At Baselworld 2015, Citizen introduced the follow-up model to its very cool Eco-Drive Satellite Wave F100 GPS watch (aBlogtoWatch review here) with the Citizen Eco-Drive Satellite Wave F900 (debuted here). I recommend you read those articles to not only understand the purpose and history of this watch collection and other Citizen GPS watches, but also to find out why the Satellite Wave F900 is going to be particularly cool.
Even though Citizen debuted the Eco-Drive Satellite Wave F900 back in March, only now in the Autumn season of 2015 will it be available for purchase. At launch, Citizen claimed that the Satellite Wave F900 would be part of a limited edition with 3,000 pieces made in titanium and 3,000 pieces in DLC black titanium. Only half of those will ever leave Japan. With that said, the watches don't have limited edition labels and the current information on the Citizen website does not mention this. I do, however, feel that product will still be low, since these will be among the most high-priced Citizen watches available. The question for consumers, is whether the price will be worth it.
Since Citizen, and competitor Seiko, began to release GPS-controlled watches a few years ago, the prices of such models has actually gone down. With that said, even basic GPS-controlled watches from any of the "big three" Japanese brands (Seiko, Citizen, and Casio) are expensive by quartz watch standards. The Citizen Satellite Wave F100 retails for $1,800, while this F900 retails for $2,400. That is a $600 premium over the original model. The question is whether a quartz watch can command such a price these days in the context of both mechanical watches, as well as smartwatches.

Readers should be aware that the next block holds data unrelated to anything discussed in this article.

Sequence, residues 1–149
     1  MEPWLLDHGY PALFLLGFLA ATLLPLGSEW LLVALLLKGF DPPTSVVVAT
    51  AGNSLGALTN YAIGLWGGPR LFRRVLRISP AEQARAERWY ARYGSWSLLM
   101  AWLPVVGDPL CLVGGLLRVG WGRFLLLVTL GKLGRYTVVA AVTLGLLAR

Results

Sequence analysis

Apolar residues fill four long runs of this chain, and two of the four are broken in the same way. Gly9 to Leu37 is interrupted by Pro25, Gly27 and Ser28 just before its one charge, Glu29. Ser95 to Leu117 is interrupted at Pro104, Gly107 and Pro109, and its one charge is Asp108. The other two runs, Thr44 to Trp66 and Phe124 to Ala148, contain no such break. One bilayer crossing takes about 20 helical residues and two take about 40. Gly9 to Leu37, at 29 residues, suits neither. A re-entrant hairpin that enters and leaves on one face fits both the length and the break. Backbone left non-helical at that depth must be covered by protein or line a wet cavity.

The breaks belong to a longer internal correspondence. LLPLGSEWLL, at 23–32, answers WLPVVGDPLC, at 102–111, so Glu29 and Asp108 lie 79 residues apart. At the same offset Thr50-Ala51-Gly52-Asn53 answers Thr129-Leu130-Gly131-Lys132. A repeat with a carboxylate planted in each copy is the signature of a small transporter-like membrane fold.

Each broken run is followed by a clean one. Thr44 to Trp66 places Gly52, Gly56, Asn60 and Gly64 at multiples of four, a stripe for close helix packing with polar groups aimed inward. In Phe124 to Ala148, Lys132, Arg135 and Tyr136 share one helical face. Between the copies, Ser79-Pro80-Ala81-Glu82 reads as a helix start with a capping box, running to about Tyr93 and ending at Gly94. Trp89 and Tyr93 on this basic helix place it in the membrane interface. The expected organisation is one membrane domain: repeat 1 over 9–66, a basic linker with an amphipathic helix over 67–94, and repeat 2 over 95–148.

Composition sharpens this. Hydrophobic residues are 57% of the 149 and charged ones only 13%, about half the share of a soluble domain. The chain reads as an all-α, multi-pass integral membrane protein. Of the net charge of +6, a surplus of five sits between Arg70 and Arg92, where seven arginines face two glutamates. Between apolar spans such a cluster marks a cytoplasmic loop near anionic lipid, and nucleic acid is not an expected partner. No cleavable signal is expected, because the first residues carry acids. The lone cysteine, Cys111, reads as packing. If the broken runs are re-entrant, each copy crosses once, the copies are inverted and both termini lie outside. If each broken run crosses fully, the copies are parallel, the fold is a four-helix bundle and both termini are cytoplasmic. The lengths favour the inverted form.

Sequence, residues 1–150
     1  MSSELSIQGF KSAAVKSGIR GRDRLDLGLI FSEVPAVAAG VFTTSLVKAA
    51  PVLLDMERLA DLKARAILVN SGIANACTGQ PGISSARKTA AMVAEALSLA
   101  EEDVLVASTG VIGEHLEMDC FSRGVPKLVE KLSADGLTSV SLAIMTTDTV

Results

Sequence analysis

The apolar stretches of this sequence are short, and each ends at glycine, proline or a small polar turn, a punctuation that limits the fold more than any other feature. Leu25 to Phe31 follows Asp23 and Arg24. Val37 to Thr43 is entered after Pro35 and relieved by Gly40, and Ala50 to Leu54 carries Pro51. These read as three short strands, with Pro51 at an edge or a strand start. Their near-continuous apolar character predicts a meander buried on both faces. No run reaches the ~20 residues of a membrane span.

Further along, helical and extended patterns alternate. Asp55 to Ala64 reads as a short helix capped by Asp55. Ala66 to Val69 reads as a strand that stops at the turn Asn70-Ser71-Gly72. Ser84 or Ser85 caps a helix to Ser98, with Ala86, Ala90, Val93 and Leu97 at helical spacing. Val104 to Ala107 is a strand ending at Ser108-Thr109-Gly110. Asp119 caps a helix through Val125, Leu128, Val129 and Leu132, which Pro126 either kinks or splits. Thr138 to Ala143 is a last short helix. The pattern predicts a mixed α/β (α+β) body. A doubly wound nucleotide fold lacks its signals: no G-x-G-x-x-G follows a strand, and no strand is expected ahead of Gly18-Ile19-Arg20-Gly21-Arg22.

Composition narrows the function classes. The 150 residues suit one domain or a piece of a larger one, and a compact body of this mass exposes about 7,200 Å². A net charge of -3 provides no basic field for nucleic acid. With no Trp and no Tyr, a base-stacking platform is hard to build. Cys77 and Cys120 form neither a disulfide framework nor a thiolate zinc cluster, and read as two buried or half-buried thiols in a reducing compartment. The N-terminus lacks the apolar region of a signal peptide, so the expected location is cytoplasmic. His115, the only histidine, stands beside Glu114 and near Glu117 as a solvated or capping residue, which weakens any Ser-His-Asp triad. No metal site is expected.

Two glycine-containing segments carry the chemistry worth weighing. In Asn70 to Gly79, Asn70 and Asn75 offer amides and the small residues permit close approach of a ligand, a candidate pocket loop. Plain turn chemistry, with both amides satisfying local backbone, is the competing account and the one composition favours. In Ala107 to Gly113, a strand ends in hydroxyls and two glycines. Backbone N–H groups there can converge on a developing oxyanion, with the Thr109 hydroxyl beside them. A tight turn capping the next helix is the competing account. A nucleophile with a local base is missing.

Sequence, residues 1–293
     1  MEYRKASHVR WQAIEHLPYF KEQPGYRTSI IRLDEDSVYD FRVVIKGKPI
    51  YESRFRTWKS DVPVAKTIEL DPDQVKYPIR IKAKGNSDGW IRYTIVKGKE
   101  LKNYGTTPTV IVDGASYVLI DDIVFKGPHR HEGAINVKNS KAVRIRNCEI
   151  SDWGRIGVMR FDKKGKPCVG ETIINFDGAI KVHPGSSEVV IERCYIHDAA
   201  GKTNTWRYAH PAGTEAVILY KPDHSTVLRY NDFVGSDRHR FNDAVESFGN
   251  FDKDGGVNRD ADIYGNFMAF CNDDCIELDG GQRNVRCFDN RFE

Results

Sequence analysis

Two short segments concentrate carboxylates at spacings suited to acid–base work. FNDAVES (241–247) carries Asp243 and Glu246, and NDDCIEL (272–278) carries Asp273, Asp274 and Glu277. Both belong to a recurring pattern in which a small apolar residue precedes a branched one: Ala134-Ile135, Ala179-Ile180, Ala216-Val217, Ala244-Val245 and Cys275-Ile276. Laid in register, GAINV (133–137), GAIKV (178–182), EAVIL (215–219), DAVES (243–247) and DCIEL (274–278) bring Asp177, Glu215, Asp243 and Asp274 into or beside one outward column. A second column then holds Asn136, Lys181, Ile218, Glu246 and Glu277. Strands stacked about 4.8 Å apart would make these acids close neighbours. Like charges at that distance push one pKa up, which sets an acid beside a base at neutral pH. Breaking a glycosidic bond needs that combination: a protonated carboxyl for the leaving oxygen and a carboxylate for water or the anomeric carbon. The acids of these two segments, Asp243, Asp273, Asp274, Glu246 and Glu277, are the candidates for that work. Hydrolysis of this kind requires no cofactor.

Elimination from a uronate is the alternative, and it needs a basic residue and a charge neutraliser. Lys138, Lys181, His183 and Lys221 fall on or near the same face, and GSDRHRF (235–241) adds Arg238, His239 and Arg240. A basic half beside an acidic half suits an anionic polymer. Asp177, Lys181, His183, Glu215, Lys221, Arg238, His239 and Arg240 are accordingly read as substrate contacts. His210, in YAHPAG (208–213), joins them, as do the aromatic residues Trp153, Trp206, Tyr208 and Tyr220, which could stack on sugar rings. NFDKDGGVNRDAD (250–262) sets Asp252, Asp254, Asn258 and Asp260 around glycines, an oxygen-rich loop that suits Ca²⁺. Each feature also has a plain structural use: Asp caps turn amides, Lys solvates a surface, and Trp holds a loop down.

While the Satellite Wave F900 GPS watch does a lot of smart things, it is, of course, not a connected smartwatch like the Apple Watch is - and it comes in at over double the price of an Apple Watch in steel. With that said, there is a lot of quality and features in the Wave F900, and it doesn't need a phone companion to work, nor does it need to be charged. In fact, one of the major selling points of most Citizen watches is their "Eco-Drive" technology, which simply means that they contain movements powered by light collected through the dial which then hits a photo-voltaic cell that charges the battery.
Eco-Drive has been a hallmark of many Citizen watches for over a decade now, and it is interesting how successful the technology is in both very inexpensive and more high-end quartz watches such as the Satellite Wave F900. I mentioned in the previous article what the F900 watch does over the F100, but let me quickly recap the important parts. Most obviously, the F900 has more functionality over the Satellite Wave F100. The watch now offers a function selector subdial at 3 o'clock, and added features include a chronograph, alarm, and the ability to view two time zones at once on the dial. This last element is extremely important because you not only get a dedicated subdial at 6 o'clock for the second time zone, but it is very legible. I previously pointed out that while the F100 made for a fantastic travel watch, the lack of being able to check on a reference time holds it back from being as useful as possible.
Thus, with the added functionality in the F900, I do feel that Citizen finally made the "perfect" travel watch that the Eco-Drive Satellite Wave collection needed. More so, I find the three subdial layout of the F900 more visually balanced than that of the F100, even though it isn't as clean. It also helps the Satellite Wave F900 watch look like a more "tech generation" product, from case to dial.